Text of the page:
In Year 9, students consider the operation of systems at a range of scales. They explore ways in which the human body as a system responds to its external environment and the interdependencies between biotic and abiotic components of ecosystems. They are introduced to the notion of the atom as a system of protons, electrons and neutrons, and how this system can change through nuclear decay. They learn that matter can be rearranged through chemical change and that these changes play an important role in many systems. They are introduced to the concept of the conservation of matter and begin to develop a more sophisticated view of energy transfer. They begin to apply their understanding of energy and forces to global systems such as continental movement.

By the end of Year 9, students explain chemical processes and natural radioactivity in terms of atoms and energy transfers and describe examples of important chemical reactions. They describe wave and particle models of energy transfer and apply these to explain phenomena. Students explain global features and events in terms of geological processes and timescales. They analyse how biological systems function and respond to external changes with reference to interdependencies, energy transfers and flows of matter. Students describe social and technological factors that have influenced scientific developments.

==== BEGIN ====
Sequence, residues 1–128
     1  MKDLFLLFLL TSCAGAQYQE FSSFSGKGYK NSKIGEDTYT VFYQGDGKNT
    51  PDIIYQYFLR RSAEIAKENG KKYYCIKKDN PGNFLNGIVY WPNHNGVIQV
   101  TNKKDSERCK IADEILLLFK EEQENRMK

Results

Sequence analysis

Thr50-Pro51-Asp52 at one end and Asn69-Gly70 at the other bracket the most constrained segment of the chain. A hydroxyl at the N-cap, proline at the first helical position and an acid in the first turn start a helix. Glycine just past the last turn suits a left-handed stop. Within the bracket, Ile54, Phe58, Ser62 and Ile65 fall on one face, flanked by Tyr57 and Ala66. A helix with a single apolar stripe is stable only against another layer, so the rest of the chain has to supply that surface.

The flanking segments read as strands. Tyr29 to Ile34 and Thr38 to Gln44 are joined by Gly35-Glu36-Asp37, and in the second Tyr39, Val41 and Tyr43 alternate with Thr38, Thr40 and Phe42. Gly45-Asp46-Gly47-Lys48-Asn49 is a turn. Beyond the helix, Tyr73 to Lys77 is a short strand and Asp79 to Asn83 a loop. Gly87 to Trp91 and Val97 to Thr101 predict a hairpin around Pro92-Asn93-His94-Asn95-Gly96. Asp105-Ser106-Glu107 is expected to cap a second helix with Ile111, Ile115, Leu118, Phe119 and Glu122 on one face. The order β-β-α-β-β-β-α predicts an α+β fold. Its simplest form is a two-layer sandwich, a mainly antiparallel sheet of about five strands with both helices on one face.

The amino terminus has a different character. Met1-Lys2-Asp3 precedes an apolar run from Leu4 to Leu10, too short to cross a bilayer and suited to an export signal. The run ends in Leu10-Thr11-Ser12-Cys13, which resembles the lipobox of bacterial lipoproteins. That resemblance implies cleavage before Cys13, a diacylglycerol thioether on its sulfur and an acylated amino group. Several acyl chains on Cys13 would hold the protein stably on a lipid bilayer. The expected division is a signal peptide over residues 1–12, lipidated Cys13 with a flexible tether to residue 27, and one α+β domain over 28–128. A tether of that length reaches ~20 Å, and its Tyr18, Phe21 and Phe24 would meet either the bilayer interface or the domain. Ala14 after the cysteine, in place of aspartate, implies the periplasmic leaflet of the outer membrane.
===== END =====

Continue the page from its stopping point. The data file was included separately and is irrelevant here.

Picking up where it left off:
Students design questions that can be investigated. They design methods that include the control and measurement of variables and systematic collection of data and describe how they considered ethics and safety. Students analyse trends in data, identify relationships between variables and inconsistencies in results. They analyse their methods and the quality of their data and suggest actions to improve the quality of their evidence. They evaluate others' methods and explanations from a scientific perspective and use appropriate language and representations when communicating their findings and ideas.

Year 10 Science

In the Year 10 curriculum, students explore systems at different scales and connect microscopic and macroscopic properties to explain phenomena. Students explore the biological, chemical, geological and physical evidence for different theories, such as the theories of natural selection and the Big Bang.

Students develop their understanding of atomic theory to understand relationships within the periodic table. They understand that motion and forces are related by applying physical laws. They learn about the relationships between aspects of the living, physical and chemical world that are applied to systems on a local and global scale and this enables them to predict how changes will affect equilibrium within these systems.